Triple Antibiotic Ointments with Hydrocortisone:

Bacitracin zinc 400 units/Neomycin 3.5 mg/Polymyxin B Sulfate 10,000 Units & Hydrocortisone acetate 1% per gram in 3.5 gm tubes Neobacimyx H® (Schering); Trioptic-S® (Pfizer); Vetropolycin HC®- (Pitman-Moore); Generic. All are Rx and approved for dogs and cats.


Other Antibiotic/Steroid Ointments:

Neomycin Sulfate 5 mg & Prednisolone 2 mg (0.2%) per gram in 3.5 gram tubes (Optisone®-Evsco); (Rx). Approved for use in dogs and cats.

Neomycin Sulfate 5 mg & Isoflupredone acetate 1 mg (0.1%) per gram in 3.5 & 5 gram tubes Neo-Predef® Sterile Ointment® (Upjohn); (Rx). Approved for use in horses, cattle, dogs and cats.

Chloramphenicol 1% and Prednisolone acetate 2.5 mg (0.25%) in 3.5 gm tubes; Chlorasone® (Evsco) (Rx). Approved for use dogs and cats.



Gentamicin Ophthalmic Drops 3 mg/ml & Betamethasone acetate 1 m/ml in 5 ml btls Gentocin Durafilm® (Schering); (Rx). Approved for use in dogs.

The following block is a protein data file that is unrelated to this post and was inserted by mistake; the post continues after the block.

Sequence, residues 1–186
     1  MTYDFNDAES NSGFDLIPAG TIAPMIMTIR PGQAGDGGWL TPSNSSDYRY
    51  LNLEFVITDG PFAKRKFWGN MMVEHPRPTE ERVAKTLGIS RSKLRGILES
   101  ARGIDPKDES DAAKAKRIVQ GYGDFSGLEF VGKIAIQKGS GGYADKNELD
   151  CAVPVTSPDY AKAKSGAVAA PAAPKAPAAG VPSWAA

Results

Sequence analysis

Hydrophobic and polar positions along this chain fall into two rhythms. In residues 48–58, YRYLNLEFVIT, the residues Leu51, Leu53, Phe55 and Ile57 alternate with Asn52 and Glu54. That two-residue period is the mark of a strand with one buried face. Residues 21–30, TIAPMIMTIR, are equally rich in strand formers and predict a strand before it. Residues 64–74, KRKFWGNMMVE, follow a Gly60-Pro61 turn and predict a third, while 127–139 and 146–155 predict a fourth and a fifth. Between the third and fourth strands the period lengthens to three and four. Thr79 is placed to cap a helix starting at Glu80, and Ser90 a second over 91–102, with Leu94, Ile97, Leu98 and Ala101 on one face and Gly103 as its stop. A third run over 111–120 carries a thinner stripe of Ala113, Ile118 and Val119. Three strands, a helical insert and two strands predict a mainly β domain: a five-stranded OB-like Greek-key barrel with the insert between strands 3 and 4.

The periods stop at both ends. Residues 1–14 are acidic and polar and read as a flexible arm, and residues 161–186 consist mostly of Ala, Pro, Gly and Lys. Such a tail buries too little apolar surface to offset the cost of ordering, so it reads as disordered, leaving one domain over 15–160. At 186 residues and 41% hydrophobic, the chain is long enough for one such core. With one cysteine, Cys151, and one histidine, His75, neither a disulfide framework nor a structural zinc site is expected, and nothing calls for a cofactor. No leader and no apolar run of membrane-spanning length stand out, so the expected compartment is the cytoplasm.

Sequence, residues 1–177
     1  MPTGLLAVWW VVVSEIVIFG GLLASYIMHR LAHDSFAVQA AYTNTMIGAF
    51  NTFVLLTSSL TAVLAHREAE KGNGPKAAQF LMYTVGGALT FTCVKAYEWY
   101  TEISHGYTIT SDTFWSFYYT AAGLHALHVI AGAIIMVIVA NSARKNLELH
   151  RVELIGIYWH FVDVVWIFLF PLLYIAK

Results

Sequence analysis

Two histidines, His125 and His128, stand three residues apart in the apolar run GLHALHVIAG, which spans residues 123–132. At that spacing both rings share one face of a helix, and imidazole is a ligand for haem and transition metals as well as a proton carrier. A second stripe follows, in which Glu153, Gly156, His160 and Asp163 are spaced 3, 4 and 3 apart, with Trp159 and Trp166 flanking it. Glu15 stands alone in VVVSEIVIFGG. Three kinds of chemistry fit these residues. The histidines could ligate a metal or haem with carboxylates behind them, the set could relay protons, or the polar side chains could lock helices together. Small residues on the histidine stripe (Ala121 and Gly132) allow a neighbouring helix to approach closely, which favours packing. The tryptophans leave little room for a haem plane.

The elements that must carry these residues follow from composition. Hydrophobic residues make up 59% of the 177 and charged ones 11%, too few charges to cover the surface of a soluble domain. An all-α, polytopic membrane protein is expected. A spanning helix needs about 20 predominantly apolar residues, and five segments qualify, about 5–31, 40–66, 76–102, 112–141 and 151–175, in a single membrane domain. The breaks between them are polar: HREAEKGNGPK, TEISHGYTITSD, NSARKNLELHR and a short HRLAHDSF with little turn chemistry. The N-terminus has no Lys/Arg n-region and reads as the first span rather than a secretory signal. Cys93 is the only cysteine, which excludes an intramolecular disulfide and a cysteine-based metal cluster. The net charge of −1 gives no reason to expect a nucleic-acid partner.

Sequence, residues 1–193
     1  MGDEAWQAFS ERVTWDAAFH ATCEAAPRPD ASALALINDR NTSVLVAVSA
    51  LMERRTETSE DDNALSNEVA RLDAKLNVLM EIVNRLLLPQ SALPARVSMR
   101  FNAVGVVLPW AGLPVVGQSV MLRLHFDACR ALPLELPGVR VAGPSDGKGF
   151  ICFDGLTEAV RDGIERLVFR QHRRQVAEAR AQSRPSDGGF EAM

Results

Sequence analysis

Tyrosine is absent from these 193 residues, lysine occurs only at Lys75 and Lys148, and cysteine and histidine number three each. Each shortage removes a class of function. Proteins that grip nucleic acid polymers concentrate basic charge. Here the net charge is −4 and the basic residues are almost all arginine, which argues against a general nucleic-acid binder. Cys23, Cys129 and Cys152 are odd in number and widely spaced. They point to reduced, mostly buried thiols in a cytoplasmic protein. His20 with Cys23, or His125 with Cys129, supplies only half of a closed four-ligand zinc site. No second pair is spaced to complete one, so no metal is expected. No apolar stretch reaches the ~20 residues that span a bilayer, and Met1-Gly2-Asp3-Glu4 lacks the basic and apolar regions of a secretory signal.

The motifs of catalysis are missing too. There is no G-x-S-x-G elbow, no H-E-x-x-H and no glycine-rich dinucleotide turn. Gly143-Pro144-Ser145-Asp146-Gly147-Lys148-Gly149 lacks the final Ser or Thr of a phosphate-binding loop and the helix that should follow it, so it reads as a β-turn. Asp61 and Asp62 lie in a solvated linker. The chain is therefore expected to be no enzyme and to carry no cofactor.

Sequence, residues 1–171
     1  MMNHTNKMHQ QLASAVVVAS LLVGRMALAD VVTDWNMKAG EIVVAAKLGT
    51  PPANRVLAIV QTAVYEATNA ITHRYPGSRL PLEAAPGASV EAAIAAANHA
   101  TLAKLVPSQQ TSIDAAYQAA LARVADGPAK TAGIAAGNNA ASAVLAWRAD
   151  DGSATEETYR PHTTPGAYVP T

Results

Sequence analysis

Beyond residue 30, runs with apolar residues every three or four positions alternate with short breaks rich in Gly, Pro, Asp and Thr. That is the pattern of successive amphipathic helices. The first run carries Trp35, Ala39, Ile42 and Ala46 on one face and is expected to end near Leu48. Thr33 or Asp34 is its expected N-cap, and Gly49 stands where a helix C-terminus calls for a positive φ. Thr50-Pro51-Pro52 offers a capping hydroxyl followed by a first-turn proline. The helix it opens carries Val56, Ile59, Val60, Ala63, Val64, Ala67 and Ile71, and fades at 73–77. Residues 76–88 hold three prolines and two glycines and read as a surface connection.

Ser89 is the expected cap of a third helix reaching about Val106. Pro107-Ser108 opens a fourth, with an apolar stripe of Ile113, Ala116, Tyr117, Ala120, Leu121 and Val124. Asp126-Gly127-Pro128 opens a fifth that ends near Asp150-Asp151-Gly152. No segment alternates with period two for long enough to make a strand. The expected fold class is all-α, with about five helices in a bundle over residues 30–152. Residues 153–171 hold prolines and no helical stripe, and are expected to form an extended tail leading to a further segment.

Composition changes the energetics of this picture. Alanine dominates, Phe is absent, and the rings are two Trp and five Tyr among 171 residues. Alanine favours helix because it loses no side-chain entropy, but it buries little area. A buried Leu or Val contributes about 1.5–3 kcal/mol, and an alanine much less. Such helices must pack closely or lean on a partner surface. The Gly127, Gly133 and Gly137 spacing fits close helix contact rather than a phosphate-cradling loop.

Human-Approved Products:

There are a wide variety of human-labeled ophthalmic antibiotic/steroid combination products available. Some of the more commonly used combinations include:


Bacitracin/Neomycin/Polymyxin B and Hydrocortisone Cortisporin® (BW)

Neomycin/Polymyxin B & Dexamethasone Maxitrol® (Alcon); (Rx)

Neomycin and Dexamethasone NeoDecadron®  (Merck); (Rx)



Neomycin/Polymyxin B and Hydrocortisone Cortisporin® (BW, etc.); (Rx)

Neomycin/Polymyxin B & Dexamethasone Maxitrol ® (Alcon); (Rx)

Neomycin and Dexamethasone NeoDecadron® (Merck); (Rx)



Antifungals (Ophthalmic)